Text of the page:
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Compact Living

Last update: 26 April 2006

You know you have achieved perfection in design, not when you have nothing more to add, but when you have nothing more to take away.

Antoine de Saint-Exupery

Thats what I aim for, but still have a way to go. The core of my house (the insulated part without the greenhouse and wrap-around shed) is about 11' x 11' on the outside. It contains everything I need on a daily basis. There are also a few sheds, but much of what I have stored away I can do without, and most of it will be sold or given away. Possessions can be a millstone. In a small dwelling it is necessary to make use of all available space, be fairly organized, and very ruthless about possessions. A small house (or mobile structure) has many advantages too, it is very cheap to establish, more ecological than a big structure, easier and cheaper to maintain, heat and clean. In the gallery you can see a few tricks I used to get as much as I could into the small house, without making it feel too cramped. Good sources for inspiration are boats, caravans and canal boats.

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Bath with wardrobe on ceiling track (sliding door fittings) above. When the bath is in use, the wardrobe is slid over the bed.

Bed with wardrobe on ceiling track (sliding door fittings) over bath. When the bed is in use, the wardrobe is slid over the bed.

The desk is a large board which can be pulled out from below the sink drain board.

The two ring gas cooker can cook many a dish. The sink also doubles as a wash basin.

Shelves across the window give extra storage, and the juicer and seed mill are clamped to a shelf across the drain board.

My new bedroom in daytime mode. I extended the building by another 18" or so out the back and put the bed on castors into this alcove. There are now fixed shelves, drawers and a clothes hanging rack above the bed, and now the bed is moved for use. There are more drawers and shelves each end of the bed forming the alcove together with the 'extension'.

My new bedroom in night mode where I pull it out from under the shelves.

Truth picture. Its not always as tidy as I would like it to be. Here is a pile of material from my current project scattered on the floor. The shelf on the left above the bed is fixed at the back, and has drawers at the front which are old freezer cabinet drawers. In the middle is the hanging rack for clothes.

I took out the long sink/drainer as it was just too big for this small cabin. In its place I have a single sink, a drip tray as drainer, a counter, and in the corner a cosy seating area which is also my manual office. Under the sink is my personal HiFi and some other bits and bobs.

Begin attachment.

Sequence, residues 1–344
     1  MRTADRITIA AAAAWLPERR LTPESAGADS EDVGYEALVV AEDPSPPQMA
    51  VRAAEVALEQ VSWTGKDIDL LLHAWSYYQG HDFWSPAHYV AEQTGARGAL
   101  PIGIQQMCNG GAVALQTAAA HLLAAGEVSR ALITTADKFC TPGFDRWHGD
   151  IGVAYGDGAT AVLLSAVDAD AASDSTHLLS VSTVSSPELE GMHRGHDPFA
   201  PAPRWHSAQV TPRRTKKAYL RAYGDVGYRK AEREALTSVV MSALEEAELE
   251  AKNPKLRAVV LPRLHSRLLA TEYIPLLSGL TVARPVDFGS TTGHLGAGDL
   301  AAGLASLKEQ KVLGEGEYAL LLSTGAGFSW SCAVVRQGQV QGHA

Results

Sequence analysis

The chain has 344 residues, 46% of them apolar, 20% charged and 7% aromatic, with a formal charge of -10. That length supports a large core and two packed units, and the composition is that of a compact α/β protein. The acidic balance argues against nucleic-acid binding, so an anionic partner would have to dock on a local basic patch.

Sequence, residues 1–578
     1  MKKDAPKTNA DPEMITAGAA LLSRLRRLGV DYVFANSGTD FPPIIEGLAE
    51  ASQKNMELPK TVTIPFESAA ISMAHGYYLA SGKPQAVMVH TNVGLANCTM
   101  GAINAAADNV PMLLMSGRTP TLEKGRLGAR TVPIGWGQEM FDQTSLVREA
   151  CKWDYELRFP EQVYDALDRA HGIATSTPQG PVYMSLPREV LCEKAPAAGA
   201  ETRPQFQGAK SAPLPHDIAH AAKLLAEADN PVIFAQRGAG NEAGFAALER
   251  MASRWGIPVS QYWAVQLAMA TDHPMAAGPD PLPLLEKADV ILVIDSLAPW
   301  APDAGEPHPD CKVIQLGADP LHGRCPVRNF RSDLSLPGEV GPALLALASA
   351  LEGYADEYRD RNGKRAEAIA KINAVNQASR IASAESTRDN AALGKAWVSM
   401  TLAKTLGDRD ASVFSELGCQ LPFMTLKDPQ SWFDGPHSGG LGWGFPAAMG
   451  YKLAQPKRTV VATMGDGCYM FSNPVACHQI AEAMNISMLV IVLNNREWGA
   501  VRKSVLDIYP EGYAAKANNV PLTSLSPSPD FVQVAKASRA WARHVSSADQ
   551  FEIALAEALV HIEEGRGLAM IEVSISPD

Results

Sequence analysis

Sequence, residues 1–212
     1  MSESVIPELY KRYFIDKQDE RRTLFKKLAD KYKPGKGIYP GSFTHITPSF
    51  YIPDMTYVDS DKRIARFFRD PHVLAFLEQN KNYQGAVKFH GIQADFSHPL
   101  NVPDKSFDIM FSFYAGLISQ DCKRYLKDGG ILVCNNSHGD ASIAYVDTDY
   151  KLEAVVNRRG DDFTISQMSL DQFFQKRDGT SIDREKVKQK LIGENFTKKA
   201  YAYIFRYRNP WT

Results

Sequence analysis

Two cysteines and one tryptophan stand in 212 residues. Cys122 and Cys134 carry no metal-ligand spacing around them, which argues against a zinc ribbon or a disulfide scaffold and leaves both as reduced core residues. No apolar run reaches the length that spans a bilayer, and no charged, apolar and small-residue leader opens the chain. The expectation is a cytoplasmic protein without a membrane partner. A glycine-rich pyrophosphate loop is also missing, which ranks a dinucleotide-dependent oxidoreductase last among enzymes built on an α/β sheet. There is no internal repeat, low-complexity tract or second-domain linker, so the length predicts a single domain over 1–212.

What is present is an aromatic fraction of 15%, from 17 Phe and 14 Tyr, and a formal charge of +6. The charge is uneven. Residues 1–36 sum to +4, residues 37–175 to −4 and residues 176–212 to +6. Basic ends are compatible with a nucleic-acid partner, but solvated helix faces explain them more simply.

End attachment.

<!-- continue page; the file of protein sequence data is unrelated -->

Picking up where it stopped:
My new office. The desk unit is made from an old wardrobe which had the front panels and door removed, and shelving added and a pull-out surface for the keyboard and for note taking, made from an old dresser top. The computer is an Asus laptop with a low power consuming Celeron M processor. I am still in the process of setting up my new office, and have not organised the various shelves and racks yet. To the left of the computer is a small carousel for computer related mini files. The small table on the left is an old nesting table with drawers added for computer and other electronic things, a printer/scanner and paper, music CD shelf above. On the right is my manual office with an organiser carousel and another nesting table with drawers added for all the things I need at my finger tips - reference filing rack, office essentials, tickler file and more. The small Ikea drawer unit above holds more little bits and bobs.

The cosy seating corner/manual office. Here I have most things I need at my fingertips in the carousel and drawers. I also converted a wooden storage box to hold hanging files. Above I place the project lap desks (seen on seat). The little shelf above holds the telephone and a headset hangs on the wall (allows me to do things which don't require much concentration whilst on the phone).

The small shelf under the left window is attached with small cabinet hanging brackets. There is another set of brackets at the back of the seat,facing. When I sit with my back to the big cushion (cosy mode) I can put the shelf on the other hooks. I intend to make some fabric pockets to attach to the shelf for project material, inbox and such like.

Watch a video of Jay's Tiny House Tour (3 minutes). To reduce page load time the video is only loaded on demand and will appear in the frame below the button.


Tips

Before looking for a bigger house or planning a new extension, see if you can find better ways to utilise the space you already have, and what things you can do without. Clutter has far more negative impact on us than just the physical space it occupies. Here are a few ideas about how you can make use of what you already have.

Maximise space through:

Layering - where headroom is not critical, vertical space can be shared, e.g. shelves over a bed or sideboard

Sharing access space - a movable partition can allow the same floor space to be used for access to two or more separate areas

Nesting - e.g. a seat containing storage underneath

Pull-out - multi tool style fold/roll-away furniture, e.g. a pull-out table/desk under a counter top, archive library style shelving units on casters or tracks

Dedicated storage rooms - use as much floorspace as you can in a room which is used for storage only, by creating supermarket like isles, rather than using only the outer walls for shelves and cupboards. This space could be divided or partitioned off an existing room.

External Links

Veggie van (internet archive link)
conversion of a van to living quarters

downsizer.net

simpleliving.net

simpleliving.com
e-magazine

creators-not-consumers.co.uk

backwoodshome.com
excelent article about living in a small space

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